The Declaration also refers to "Nature's God", which was, as conservative evolutionist Larry Arnhart notes, a concept of "God as First Cause" which was "most clearly manifested in the lawful order of nature." In other words, the Creator mentioned in the Declaration was an abstract noun denoting a universe governed by a set of understandable laws. This is not Mitt Romney's God. The Projo is also very careful to avoid pointing out that the Constitution, the fundamental basis of our country's government, doesn't mention God at all.

John Adams argued that religious faith shapes moral character, and is essential in people who govern themselves.

John Adams also observed, "Twenty times in the course of my late reading have I been upon the point of breaking out, 'This would be the best of all possible worlds, if there were no religion in it!'"

George Washington constantly referred to the role of a caring God in the creation of America, as when he resigned his military power after the Revolution: “I consider it an indispensable duty to close . . . by commending the interests of our dearest country to the protection of Almighty God and those who have the superintendence of them, to his holy keeping.”

And as Brooke Allen pointed out, "It is interesting to note that the Father of our Country spoke no words of a religious nature on his deathbed, although fully aware that he was dying, and did not ask for a man of God to be present; his last act was to take his own pulse, the consummate gesture of a creature of the age of scientific rationalism."

Of course, a number of the Founders seemed to be Deists and may not have believed in the divinity of Jesus.

Bang! Weasel word number three: "seemed". There is no "seemed" about it. As Brooke goes to considerable pains to point out, a number of the Founders, such as Tom Paine, Benjamin Franklin, and Thomas Jefferson, were definitely deists, and others such as John Adams, James Madison, and, yes, George Washington, leaned toward deism.

The Bill of Rights, which they appended to the Consitution, thankfully, laid out that Congress may not create a state religion, or hinder Americans from practicing the religion of their choice (or none at all). This system has worked brilliantly to protect religious pluralism here and tamp down religious hatreds.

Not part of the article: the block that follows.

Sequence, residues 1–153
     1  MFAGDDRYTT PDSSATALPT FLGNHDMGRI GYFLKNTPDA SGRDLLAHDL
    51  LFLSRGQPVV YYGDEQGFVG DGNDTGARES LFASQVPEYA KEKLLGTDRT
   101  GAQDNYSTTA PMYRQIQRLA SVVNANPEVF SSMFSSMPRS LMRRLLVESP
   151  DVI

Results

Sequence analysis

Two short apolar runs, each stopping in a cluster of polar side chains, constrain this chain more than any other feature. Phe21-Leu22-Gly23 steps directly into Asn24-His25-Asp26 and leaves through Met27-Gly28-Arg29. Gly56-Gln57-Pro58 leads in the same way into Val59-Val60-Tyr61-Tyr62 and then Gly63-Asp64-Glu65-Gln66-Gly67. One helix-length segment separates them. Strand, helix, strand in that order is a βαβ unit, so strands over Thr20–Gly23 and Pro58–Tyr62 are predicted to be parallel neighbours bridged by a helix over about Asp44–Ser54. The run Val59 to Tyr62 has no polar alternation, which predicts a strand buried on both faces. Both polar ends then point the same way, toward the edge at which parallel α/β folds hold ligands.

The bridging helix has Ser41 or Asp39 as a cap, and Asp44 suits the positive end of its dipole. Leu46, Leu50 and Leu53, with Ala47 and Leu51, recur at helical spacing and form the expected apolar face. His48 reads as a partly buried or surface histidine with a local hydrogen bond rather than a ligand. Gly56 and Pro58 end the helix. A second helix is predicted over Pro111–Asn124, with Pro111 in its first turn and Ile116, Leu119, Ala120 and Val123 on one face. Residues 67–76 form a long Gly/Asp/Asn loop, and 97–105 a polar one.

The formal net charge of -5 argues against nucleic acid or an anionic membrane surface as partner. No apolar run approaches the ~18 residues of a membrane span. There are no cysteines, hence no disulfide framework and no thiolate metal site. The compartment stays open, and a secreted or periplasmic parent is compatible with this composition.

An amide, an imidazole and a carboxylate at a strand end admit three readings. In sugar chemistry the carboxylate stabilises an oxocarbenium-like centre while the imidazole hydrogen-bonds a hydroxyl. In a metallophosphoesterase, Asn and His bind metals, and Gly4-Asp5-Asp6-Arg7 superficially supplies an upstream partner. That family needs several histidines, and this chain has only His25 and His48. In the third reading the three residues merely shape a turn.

Until relatively recently, few understood the separation of church and state to mean that all references to God must be banished from the public square. Indeed, such a government-enforced ban — even if it were practicable in a country with so many religious believers — would itself reflect intolerance. This is some of what Mr. Romney was saying.

No, this is not "some of what Mr. Romney was saying". As noted above, Mr. Romney was saying that "freedom requires religion", that unless you are a member of the right religion, you aren't entitled to freedom.

Mr. Romney seemed wrongheaded in arguing no one should ask him about his faith. Certainly, questions about a candidate’s religion, and how that has shaped his or her thinking, are reasonable.

And here we have another weaselly "seemed". And, ironically, Romney is right when he argues that no one should ask him about his faith, and the Projo is wrong when it says that it's reasonable to ask questions about a candidate's religion. The only relevant question about a candidate's religion is whether he believes that the government should be used to impose that religion on other people. And Romney blew that question by answering "yes".

Still, prejudice against people because of their private religious beliefs — in politics or anywhere else — is wrong. Fortunately, Americans increasingly seem to understand that.

Except for the fundamentalist Christians who were the actual targets of Romney's speech. They are perfectly happy to discriminate against people because of their private religious beliefs, especially if their private religious belief is that they don't have any. And Romney, in his speech, was assuring them that he agreed with them.